Submitted to: Journal of the American Oil Chemists' Society
Publication Type: Peer Reviewed Journal
Publication Acceptance Date: 9/18/2005
Publication Date: 10/21/2005
Citation: Moreau, R.A., Hicks, K.B. 2005. The composition of corn oil obtained by the alcohol extraction of ground corn. Journal of the American Oil Chemists' Society. V. 82, No. 11. p. 809-815.
Interpretive Summary: Corn oil is a major edible oil, with a worldwide production of about 2 million tons. Essentially all of the corn oil produced in the US is obtained by hexane extraction of the germ portion of the corn kernel and the chemical composition of this oil has been well characterized. A promising new process has been developed to produce corn oil by extracting ground corn with a safer solvent, ethanol, but the chemical composition of this new type of corn oil is not known. The current study was undertaken to examine the chemical composition of this promising new type of corn oil and compare it with that of commercial corn oil. The results indicate that about 99% of the chemical components in ethanol-extracted corn kernel oil are identical to those found in commercial corn oil and about 1% are unique compounds. The chemical structures of three types of unique chemical compounds were identified for the first time in ethanol-extracted corn kernel oil. Before this new corn oil can be commercialized more needs to be known about the safety and health effects of these compounds. Also, studies need to be performed to evaluate the fate of these three unique compounds during standard vegetable oil refining. The commercial development of this new alternative process to obtain corn oil could benefit corn growers and corn millers. Also, if the unique compounds in this new type of corn oil are found to be health-promoting, it may justify a premium price and increased profits for producers of this new type of corn oil.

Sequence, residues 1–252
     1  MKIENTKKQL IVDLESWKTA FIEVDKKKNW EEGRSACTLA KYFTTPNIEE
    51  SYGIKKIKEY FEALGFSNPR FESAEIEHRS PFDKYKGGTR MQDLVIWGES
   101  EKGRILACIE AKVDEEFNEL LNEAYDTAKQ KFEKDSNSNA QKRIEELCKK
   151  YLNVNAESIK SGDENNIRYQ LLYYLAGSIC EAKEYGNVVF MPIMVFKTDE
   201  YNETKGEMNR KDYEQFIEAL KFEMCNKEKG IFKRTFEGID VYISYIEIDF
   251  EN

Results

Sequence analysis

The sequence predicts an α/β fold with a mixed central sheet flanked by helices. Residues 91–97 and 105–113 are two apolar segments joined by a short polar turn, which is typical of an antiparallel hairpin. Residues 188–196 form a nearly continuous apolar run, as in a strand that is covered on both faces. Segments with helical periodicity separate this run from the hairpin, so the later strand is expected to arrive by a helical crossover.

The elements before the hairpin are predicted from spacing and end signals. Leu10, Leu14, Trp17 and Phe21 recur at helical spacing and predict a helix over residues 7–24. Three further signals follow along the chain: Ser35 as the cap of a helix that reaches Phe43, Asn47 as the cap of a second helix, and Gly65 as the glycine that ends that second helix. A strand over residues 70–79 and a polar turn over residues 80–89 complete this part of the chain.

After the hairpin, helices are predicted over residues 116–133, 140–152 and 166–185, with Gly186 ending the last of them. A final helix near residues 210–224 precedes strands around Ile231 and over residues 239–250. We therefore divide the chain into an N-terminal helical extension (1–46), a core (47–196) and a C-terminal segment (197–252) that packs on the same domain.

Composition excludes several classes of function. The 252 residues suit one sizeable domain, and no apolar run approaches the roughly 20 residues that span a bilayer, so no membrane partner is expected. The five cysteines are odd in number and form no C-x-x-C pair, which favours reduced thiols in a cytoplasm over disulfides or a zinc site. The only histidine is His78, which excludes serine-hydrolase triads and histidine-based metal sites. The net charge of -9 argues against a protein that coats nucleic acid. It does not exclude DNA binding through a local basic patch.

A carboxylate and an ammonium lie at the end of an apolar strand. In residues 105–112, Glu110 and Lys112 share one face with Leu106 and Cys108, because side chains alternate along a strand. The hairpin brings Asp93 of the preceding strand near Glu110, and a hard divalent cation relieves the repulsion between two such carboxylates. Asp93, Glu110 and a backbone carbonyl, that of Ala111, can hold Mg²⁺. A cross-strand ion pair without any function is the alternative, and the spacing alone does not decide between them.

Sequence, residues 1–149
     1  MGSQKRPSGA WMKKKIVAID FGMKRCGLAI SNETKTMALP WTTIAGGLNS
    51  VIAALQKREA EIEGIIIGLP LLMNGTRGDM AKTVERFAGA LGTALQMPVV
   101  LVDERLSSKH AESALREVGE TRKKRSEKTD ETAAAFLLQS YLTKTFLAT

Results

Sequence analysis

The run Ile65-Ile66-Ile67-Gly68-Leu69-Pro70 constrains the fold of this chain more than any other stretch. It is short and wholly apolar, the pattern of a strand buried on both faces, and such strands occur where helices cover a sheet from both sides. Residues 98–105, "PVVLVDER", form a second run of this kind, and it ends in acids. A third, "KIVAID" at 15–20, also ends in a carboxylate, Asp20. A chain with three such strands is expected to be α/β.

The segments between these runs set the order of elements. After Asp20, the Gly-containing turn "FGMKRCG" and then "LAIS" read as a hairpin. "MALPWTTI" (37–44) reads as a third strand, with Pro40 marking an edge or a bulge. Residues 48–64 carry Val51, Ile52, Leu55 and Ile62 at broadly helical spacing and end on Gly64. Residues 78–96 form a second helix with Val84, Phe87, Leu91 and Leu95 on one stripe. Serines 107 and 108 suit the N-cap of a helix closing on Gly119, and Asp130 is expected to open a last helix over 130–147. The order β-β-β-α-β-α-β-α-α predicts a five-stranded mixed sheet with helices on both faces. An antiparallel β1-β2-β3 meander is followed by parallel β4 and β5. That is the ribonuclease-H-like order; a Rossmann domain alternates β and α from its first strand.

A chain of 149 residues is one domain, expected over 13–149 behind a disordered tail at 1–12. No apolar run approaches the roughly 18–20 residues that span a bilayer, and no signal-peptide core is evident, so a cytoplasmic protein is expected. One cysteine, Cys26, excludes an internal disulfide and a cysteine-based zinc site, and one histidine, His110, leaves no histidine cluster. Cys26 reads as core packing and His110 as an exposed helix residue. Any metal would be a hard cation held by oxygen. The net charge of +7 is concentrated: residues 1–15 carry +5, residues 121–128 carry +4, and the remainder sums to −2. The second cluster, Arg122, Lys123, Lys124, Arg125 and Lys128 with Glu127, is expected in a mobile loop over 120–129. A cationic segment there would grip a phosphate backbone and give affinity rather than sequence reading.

Technical Abstract: All commercial corn oil is obtained by the hexane extraction of corn germ and the chemical composition of this oil has been well characterized. With the current research interest in using alcohols to extract vegetable oils, this study was undertaken to quantitatively evaluate the lipid composition of corn oil obtained by the ethanol extraction of ground corn. When corn oil is obtained by extracting the corn kernels (ground corn) with polar or nonpolar solvents, the resulting corn oil contains much higher levels of hydroxycinnamate steryl esters (0.3%) than those found in commercial hexane-extracted corn (germ) oil (~0.02%). We previously reported that when corn oil was obtained by extracting corn kernels with polar solvents such as methylene chloride, the oil contained two polyamine conjugates, diferuloylputrescine and p-coumaroyl feruloylputrescine. In the current study, when ground corn was extracted with ethanol, the resulting corn oil was found to contain about 0.5% diferuloylputrescine and about 0.2% p coumaroylferuloylputrescine. For comparative purposes, the levels of these two polyamine conjugates were also measured in the oils obtained by extracting corn bran, dry milled corn germ, and wet milled corn germ with hexane, ethanol, and isopropanol, and they were detected in all of the oils obtained by extraction with either of the alcohols. Additional studies are needed to evaluate the health effects (benefits or toxicity) of hydroxycinnamate steryl esters and polyamine conjugates in ethanol-extracted corn kernel oil.